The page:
You've probably heard the name of Eddie Slovak, the white soldier executed for deserting in WWII. They even made a movie about him. Seen any movies about a black soldier executed?
Out of 70 soldiers court-martialed and executed in Europe during the war years, 55 of the men were black. Blacks made of 10 percent of the army.
A number of these men were hanged on extremely flimsy testamony. There's some evidence black soldiers were scapegoated for the crime of rape to save the reputation of the US Army during WWII.
In her new book, Women of Colonial America, Brandon Marie Miller writes about a woman facing similar circumstances.
The Courage of Martha Corey
She says, "to be accused of a crime-- with your life hanging in the balance-- and have no way to defend yourself, is terrifying. "
Brandon knew the ending to Martha Corey's story before she started her research. Martha's name appears on the list of those executed for practicing witchcraft in Salem Village in 1692.
Brandon's challenge was to make Martha more than just a name and get readers to care about her. So, how'd you answer that challenge, Brandon?
The answer lay in the 300-year-old record of Martha's examination and court depositions.
She at first briskly denied the accusations. But as the "afflicted" girls took over the courtroom with their hysterics, I felt her shift to bewilderment, to panic, to despair.
My heart ached for Martha, so alone against so many. I felt anger toward the accusers. Only one of the girls later publicly apologized for her role, saying she'd been deluded by the devil.
Martha remained true to herself through months of imprisonment. She never attempted to save herself by confessing or accusing others. And in the face of mass hysteria, that took real courage.
Three women had already been accused of witchcraft when a constable arrived at the home of Giles and Martha Corey in March 1692. The man carried a warrant for Martha’s arrest, charging she’d “committed sundry acts of Witchcraft.”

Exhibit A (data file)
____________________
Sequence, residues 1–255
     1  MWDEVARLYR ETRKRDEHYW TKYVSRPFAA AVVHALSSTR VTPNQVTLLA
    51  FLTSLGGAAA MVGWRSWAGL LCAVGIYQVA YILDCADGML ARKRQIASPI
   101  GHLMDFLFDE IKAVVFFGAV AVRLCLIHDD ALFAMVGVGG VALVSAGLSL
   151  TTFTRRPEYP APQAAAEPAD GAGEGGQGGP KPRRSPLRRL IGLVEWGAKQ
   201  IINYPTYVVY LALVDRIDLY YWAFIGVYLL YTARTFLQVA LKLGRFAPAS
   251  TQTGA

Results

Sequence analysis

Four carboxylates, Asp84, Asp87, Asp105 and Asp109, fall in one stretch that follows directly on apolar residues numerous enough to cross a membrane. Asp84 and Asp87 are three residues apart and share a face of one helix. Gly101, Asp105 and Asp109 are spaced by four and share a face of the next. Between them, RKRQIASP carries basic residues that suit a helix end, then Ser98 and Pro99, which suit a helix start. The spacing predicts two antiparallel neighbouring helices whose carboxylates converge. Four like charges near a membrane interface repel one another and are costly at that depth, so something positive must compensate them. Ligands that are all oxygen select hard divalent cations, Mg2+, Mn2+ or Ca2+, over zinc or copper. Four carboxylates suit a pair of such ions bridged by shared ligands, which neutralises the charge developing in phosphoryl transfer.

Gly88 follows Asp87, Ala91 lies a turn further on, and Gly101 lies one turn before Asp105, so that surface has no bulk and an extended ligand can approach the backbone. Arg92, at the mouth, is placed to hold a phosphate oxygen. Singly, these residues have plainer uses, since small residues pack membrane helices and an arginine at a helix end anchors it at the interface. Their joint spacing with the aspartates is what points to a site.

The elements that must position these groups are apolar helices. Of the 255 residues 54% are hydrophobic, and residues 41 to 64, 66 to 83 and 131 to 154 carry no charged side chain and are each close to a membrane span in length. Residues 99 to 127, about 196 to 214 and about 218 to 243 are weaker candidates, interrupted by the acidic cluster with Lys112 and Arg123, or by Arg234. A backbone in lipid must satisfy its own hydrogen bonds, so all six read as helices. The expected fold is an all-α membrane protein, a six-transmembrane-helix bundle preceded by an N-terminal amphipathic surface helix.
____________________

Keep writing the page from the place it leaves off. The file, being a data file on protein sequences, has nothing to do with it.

Since January, witch hysteria had swept Salem Village. A handful of preteen girls and teenage servants made the accusations. Normally, society would scarcely notice these girls.
Now, people recorded their every sentence, every move. Older and poorer women proved easy targets. Martha’s arrest shocked people; she was a prosperous farmer’s wife and an elected church member.
Twelve-year-old Ann Putnam had first told her parents that Martha appeared to her and tortured her with pinching “and other ways.” When Martha visited the Putnam house Ann fell into a choking fit, her body twisted in agony.
A servant in the household claimed Martha’s apparition beat her with an iron rod. Other girlish voices chimed in over the next few weeks-- Martha hurt them and consorted with the devil.
Two days after her arrest Martha appeared before Magistrate John Hathorne in Salem’s packed meeting house. Hathorne’s first words accused her: “You are now in the hands of Authority tell me now why you hurt these persons.”
Martha denied she hurt anyone. “I am an innocent person: I never had to do with Witchcraft since I was born,” she answered. “I am a Gospel Woman.”
Hathorne soon lost control of the court when “the afflicted” interrupted the proceedings. Abigail Williams pointed toward Martha—“There is a man whispering in her ear.”
“We must not believe all that these distracted children say,” Martha told Hathorne. “I saw no body.”
Then the accusers fell to the floor, shrieking in pain. Martha must have looked on, helpless and horrified. The judge urged her to confess, adding, “Do you think to find mercy by aggravating your sins?”
Martha simply replied, “But I cannot confess.” Martha continued to proclaim her innocence. “What can I do? Many rise up against me.”
Nineteen people were hanged after being convicted in the Salem Witch Trials.
Thank you, Brandon! I'm looking forward to reading your new book!
When I visited the Salem Witch Trial Museum several years ago, they had a wonderful exhibit showing how the accusations of witchcraft fit into a pattern of scapegoating and violence down through the centuries.
Of course, a prime example is the the Holocaust, which just so happens to be another topic I've been researching lately.
I can't help feeling great gratitude that I get to sleep at night without worrying I'll be targeted by violence. And I can't help thinking about other groups of people here in America and around the world that don't have that luxury.
Read about Martha and 13 more courageous Colonial Women here.
Check out Brandon's website here...
I'm fascinated to discover little-known history, stories of people and events that provide a new perspective on why and how things happened, new voices that haven't been heard, insight into how the past brought us here today, and how it might guide us to a better future.
I also post here about my books and feature other authors and their books on compelling and important historical topics.
Occasionally, I share what makes me happy, pictures of my garden, recipes I've made, events I've attended, people I've met. I'm always happy to hear from readers in the blog comments, by email or social media.